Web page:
Consider the following problem.

We have a process, that generates $N$ stones (e.g. 2000) in one batch $b$. Every pebble has state $s_{i}^b$ and reward $s_i^b$. After choosing one pebble $i$ from the $N$, we start sampling again using the chosen pebble as a starting point and we generate the next batch $b+1$. The state $s_i^b$ is a vector of real-values and the reward $r_i^b$ is a real value.

The problem is to choose pebbles so that we maximize reward $r_i^b$ in long term. Because depending on how we choose the pebble, we can sample around the region that gives a better or worse reward $r$.

During each new batch, we make one selection of one pebble (so actions can from $i, \dots, N$. We have access to the previous $m$ batches (e.g. through replay buffer) with their rewards and states.

In short, it looks like this:

  1. Chose randomly the first pebble from which we start sample;
  2. We start sampling from the chosen pebble in the current batch;
  3. We sample $N$ pebbles from a process, each pebble have a state $s_i^b$ and reward $r_i^b$;
  4. We can chose one pebble from $i \dots N$ as action $a_i^b$ based on state $s_i^b$ and reward $r_i^b$;
  5. Go to point 1 and repeat;

For example, at the moment, I choose in a given batch $b$ pebble with max reward $r_i^b$, so

$$i = \underset{i}{\mathrm{argmax}}\, r_i^b$$ and then use $a_i^b$ for a the current batch $b$.

But what I want is to choose: $$i = \underset{i}{\mathrm{argmax}}\, \underset{b}{E}[R_i^b | s_i, a_i]$$

Graphically speaking:

Assuming one Batch (N) is 30 P - pebble, P - chosen pebble






So, if I have a batch $N$, when I choose one element from the batch as an action, so the expected reward is the highest in long term, and start the sampling again from it. So only one element per batch can be chosen. And only choice of the one pebble per batch does affect the sequence in the next batch, but not inside the current batch.

The problem is, what Reinforcement Learning algorithm to use, when we choose only one item from N. And the one choice affect the whole sampled sequence in the next batch. For example in batch 1 to 4, the reward can be very low, and in batch 5 the reward is super high, if we chose wisely the pebbles in 4 previous batchs.

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    $\begingroup$ Please could you give more details about the environment and the goal of the agent, what you have so far is not clear. For instance it is not clear whether you make one selection for each new batch, and it is not clear whether there is any data that would help the agent select a high reward pebble, or why the state $S_t$ is associated with a choice of pebble (or what that means in terms of predicting next choice, or impact on next state). $\endgroup$ Commented Oct 23, 2021 at 20:25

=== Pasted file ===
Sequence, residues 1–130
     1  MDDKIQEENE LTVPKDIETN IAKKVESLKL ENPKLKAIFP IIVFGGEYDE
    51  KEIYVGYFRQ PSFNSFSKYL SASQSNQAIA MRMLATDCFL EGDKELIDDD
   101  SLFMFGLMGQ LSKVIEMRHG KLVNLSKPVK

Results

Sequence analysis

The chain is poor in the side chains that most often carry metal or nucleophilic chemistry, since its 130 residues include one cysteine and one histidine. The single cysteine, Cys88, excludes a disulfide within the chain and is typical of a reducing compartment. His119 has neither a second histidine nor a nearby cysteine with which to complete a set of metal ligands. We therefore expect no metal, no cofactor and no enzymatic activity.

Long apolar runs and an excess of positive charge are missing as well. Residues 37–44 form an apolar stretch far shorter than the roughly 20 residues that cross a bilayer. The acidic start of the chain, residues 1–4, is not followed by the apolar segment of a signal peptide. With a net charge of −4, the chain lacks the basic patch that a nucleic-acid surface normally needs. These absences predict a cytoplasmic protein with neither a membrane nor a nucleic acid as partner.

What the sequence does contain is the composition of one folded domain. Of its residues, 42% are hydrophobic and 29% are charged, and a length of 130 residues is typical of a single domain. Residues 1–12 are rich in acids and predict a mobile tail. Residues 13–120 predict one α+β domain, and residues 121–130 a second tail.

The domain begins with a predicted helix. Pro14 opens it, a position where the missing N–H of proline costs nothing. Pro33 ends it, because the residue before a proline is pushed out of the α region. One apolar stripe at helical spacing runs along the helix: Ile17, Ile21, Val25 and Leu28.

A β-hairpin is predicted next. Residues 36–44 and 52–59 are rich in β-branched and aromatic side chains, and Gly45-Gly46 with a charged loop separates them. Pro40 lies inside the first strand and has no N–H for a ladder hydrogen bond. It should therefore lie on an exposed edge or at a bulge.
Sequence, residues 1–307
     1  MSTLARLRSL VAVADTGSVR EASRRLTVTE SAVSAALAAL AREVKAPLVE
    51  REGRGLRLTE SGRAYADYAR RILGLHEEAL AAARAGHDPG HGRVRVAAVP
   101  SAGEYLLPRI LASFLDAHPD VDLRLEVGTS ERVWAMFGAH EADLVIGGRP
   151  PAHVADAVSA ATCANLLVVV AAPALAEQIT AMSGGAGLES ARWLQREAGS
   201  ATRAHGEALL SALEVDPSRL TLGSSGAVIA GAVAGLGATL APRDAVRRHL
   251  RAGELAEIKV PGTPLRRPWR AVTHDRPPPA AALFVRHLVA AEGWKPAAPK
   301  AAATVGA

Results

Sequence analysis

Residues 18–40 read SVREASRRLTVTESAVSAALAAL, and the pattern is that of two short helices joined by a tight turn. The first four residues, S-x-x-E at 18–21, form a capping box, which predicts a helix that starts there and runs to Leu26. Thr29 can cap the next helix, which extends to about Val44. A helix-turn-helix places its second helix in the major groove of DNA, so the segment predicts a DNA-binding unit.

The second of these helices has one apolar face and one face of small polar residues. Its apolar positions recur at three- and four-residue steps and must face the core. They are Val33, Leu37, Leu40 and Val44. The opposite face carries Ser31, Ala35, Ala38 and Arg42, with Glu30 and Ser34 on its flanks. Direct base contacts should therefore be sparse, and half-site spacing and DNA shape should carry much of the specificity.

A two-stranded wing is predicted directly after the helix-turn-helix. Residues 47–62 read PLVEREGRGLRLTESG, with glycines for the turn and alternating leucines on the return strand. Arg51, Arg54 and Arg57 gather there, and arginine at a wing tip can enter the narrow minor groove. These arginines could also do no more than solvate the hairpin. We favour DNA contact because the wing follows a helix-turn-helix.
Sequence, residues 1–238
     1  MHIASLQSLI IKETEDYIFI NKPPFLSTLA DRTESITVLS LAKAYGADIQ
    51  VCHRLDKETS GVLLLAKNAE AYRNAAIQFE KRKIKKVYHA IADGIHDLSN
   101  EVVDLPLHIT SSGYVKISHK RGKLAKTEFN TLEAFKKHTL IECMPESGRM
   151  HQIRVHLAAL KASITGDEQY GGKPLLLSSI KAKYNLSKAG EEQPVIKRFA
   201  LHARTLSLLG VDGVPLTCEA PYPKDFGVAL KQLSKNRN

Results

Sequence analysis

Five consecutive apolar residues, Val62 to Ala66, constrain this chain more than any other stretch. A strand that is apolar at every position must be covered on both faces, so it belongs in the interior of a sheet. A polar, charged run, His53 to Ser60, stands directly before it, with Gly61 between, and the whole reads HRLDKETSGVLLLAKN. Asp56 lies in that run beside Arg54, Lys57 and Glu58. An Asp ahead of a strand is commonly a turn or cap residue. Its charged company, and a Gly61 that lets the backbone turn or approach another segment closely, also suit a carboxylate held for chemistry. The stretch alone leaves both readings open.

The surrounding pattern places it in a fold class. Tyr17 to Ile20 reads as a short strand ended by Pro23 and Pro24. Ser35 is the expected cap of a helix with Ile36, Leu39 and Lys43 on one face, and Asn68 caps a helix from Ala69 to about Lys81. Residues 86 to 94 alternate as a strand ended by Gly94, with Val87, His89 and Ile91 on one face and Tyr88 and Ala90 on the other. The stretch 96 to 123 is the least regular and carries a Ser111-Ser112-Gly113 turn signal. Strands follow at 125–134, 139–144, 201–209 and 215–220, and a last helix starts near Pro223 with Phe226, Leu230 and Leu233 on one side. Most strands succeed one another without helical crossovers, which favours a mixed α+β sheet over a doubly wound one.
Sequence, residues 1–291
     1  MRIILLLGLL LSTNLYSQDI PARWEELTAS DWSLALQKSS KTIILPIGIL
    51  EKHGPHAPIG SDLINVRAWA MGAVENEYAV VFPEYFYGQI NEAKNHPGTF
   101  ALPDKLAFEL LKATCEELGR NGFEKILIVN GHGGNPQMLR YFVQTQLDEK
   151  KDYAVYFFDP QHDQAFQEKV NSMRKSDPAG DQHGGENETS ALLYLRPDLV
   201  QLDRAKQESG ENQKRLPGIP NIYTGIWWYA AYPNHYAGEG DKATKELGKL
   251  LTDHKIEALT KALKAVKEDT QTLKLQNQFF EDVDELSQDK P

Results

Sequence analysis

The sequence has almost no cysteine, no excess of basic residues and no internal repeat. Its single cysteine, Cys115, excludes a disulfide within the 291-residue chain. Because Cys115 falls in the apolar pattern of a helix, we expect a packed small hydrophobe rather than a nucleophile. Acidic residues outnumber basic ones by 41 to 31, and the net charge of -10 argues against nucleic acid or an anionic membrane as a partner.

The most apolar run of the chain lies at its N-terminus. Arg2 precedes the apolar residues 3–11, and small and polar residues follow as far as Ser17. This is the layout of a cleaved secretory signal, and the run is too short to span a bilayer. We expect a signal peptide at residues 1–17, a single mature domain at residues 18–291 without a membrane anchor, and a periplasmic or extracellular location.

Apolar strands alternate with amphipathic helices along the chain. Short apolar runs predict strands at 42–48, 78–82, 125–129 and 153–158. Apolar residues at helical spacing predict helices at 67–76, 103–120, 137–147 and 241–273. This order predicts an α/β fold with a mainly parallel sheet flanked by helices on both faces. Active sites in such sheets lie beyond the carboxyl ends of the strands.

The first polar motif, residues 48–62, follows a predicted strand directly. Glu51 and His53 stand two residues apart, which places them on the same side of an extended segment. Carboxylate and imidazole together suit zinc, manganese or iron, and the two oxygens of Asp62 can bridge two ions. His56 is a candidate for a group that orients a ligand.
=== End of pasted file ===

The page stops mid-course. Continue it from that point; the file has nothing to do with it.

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    $\begingroup$ @NeilSlater Tried to make it more precise, if you can judge if there's enough information or not, comment please $\endgroup$ Commented Oct 24, 2021 at 10:50
  • $\begingroup$ In the title, you wrote "continuous action space", but it seems that you have a discrete action space, i.e. one "pebble" (or stone) from some set of $N$ actions (which you call a "batch", which may be confusing). Am I misunderstanding your description or is it a typo? $\endgroup$
    – nbro
    Commented Oct 25, 2021 at 11:31
  • $\begingroup$ @nbro Yes, corrected - should be large discrete $\endgroup$ Commented Oct 25, 2021 at 12:06
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    $\begingroup$ Sorry it is still not very clear. (1) It is not clear whether time steps are same as batches - do you make only one decision per batch. (2) It is not clear what the state means or is used for - most importantly, does selecting a pebble that has a state $s^b_i$ have any impact on the next batch $b+1$? (3) Am I correct in thinking that the action choice is a value of $i$ - i.e. selecting one specific pebble from the batch, and after which there is another time step, with a new batch? However, your step 3 implies that you can select more than one pebble per batch? $\endgroup$ Commented Oct 25, 2021 at 12:53